Climate change: 4 ways we feel the heat

Will countries be able to stem greenhouse gases? Already, the impact of climate change is evident. Image:
Will countries be able to stem greenhouse gases? Already, the impact of climate change is evident. Image:
It’s done. An agreement to stem the tide of climate change unites more than 190 nations, all of whom have promised to lower greenhouse emissions.

    But with or without the deal made at the United Nations conference on climate change in Paris, the world is already feeling the heat. Here are four examples:

      Sea level rise: Recurrent flooding is already an issue along the U.S. East Coast. More is to come. Scientists are measuring ice melt around the edges of Greenland, where the ice sheet is three times the size of Texas, according to NASA. That's enough water to raise global sea levels by 20 feet.

      Climate refugees: This year, scientists studying climate patterns predicted that in coming years some areas of the Middle East will heat up to the point where they become uninhabitable. But there are other problems, as well. Sea level rise is already having an effect on where people live. Three remote Alaska villages, threatened by thinning ice and rising water, have begun relocation plans.
    Researchers at the University 
Agriculture Department's 
Station call this “the 
climate refugees.”

     Air quality: In China, schools were closed earlier this month as the result of air quality. For the first time, Beijing officials issued the highest warning for smog, CNN reported. 
     While China’s smog issues are visible, Southern California residents are dealing with an invisible problem. An intense smell flooded the Porter Ranch area after the rupture of a natural gas storage well in nearby Aliso Canyon. The Environmental Defense Fund’s website explains: “Natural gas is made mostly of methane, and when it is released unburned, it has a warming power over 84 times that of carbon dioxide over 20 years.”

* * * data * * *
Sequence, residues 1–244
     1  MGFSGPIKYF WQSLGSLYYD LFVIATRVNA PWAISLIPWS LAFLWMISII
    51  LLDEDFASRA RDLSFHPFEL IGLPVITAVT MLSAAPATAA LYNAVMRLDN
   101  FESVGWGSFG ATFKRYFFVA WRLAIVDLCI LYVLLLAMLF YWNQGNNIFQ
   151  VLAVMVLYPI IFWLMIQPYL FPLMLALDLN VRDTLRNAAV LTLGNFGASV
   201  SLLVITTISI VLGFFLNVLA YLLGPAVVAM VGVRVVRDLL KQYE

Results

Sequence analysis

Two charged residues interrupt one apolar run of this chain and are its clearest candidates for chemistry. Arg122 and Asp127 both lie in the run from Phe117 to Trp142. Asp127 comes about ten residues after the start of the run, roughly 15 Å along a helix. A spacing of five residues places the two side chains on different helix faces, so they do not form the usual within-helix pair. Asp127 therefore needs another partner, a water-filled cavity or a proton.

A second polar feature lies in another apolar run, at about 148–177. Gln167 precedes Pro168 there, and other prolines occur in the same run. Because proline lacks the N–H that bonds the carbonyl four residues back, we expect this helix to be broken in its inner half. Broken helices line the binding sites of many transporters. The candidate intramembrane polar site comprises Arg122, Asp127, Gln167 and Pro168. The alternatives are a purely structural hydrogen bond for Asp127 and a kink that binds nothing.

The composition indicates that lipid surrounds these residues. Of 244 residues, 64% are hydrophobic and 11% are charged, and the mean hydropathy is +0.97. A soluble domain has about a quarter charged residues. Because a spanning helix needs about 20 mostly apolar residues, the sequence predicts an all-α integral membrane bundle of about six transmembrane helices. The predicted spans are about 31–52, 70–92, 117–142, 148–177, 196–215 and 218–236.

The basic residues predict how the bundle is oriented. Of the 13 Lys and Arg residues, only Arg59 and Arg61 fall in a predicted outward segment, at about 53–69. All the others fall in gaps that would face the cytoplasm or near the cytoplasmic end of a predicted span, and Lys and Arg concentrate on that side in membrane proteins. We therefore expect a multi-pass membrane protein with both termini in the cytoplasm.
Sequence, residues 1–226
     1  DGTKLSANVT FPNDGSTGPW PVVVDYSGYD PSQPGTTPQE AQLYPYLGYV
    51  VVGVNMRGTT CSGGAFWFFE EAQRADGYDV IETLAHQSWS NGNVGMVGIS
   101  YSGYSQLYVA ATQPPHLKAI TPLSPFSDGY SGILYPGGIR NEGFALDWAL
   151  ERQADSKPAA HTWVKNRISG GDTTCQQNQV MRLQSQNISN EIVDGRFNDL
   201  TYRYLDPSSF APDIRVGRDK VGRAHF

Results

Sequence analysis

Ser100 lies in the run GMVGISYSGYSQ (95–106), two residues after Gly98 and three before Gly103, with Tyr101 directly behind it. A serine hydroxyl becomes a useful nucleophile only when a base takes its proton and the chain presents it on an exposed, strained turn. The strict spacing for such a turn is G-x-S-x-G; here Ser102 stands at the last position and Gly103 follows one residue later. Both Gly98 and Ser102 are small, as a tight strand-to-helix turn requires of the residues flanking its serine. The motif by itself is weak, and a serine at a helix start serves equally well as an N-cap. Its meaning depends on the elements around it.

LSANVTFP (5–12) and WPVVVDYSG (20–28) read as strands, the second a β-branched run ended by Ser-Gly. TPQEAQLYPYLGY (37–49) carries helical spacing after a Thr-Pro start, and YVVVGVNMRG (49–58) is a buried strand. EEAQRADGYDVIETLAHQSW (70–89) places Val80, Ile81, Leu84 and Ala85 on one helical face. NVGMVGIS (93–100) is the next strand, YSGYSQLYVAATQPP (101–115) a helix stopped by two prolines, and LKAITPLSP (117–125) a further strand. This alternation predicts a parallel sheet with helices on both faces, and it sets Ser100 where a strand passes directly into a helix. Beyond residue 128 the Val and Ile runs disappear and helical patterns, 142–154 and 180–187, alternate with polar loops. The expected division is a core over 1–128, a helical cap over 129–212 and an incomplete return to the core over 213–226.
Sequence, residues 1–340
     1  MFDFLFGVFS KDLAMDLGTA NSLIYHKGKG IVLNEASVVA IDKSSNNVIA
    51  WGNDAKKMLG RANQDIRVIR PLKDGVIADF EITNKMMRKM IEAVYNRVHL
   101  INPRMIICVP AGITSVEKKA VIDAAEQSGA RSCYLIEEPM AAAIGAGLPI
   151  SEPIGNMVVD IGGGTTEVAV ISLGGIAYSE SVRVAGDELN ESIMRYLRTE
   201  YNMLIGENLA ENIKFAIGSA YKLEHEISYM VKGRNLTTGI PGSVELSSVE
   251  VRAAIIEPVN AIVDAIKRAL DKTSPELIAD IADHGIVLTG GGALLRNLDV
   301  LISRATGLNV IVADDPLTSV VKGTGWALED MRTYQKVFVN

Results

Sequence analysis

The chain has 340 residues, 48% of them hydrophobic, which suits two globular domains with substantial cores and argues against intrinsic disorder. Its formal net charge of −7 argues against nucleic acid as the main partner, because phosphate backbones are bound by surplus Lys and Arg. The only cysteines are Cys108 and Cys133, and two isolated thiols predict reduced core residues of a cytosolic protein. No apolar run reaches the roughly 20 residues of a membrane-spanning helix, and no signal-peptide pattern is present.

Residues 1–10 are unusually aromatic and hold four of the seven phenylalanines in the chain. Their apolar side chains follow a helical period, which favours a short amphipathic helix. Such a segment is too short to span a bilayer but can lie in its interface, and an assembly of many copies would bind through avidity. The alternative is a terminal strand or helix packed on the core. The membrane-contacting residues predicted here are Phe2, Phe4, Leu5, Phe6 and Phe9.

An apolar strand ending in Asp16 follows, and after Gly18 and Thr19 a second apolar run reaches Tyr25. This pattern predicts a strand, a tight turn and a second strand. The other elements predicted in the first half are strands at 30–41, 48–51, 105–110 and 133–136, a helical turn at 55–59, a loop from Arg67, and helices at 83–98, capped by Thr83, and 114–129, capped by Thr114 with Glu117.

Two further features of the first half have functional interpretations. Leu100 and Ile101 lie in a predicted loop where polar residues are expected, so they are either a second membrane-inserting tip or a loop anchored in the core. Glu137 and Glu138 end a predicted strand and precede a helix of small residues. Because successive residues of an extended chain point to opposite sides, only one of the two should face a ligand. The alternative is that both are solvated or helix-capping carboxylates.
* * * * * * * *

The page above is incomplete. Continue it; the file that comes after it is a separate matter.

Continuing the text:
Loss of rainfall: The Amazon rain forest contains an estimated one-third of the world’s rain forest, and in recent decades, scientists and environmentalists have been concerned about the clearing of forest land. 
     “In many computer models of future climate, replacing tropical forests with a landscape of pasture and crops creates a drier, hotter climate in the tropics. Some models also predict that tropical deforestation will disrupt rainfall pattern far outside the tropics, including China, northern Mexico, and the south-central United States,” reports
     Western Brazil already has lost a substantial amount of its 208,000 square kilometers of forest, NASA reports. By 1978, 4,200 square kilometers (1,621 square miles) had been cleared, and by 2003 an estimated 67,764 square kilometers of rain forest (26,163 square miles) had been cleared, the space agency's website reported.That’s an area larger than West Virginia.



     Scientists warn: Sea level rise a matter of time

     NASA in Brief: Climate still warming, study finds

     Research: Deadly heat too much for humans

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